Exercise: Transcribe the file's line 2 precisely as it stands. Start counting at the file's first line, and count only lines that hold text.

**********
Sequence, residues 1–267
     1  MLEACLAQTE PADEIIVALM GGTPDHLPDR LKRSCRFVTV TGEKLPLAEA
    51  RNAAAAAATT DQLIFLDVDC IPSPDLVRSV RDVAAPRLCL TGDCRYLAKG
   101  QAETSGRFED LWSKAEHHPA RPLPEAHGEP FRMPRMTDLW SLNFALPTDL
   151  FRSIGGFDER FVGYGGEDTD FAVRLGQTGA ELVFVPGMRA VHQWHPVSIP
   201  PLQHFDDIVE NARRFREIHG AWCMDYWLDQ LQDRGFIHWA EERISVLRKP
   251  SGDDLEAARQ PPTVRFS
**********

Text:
     1  MLEACLAQTE PADEIIVALM GGTPDHLPDR LKRSCRFVTV TGEKLPLAEA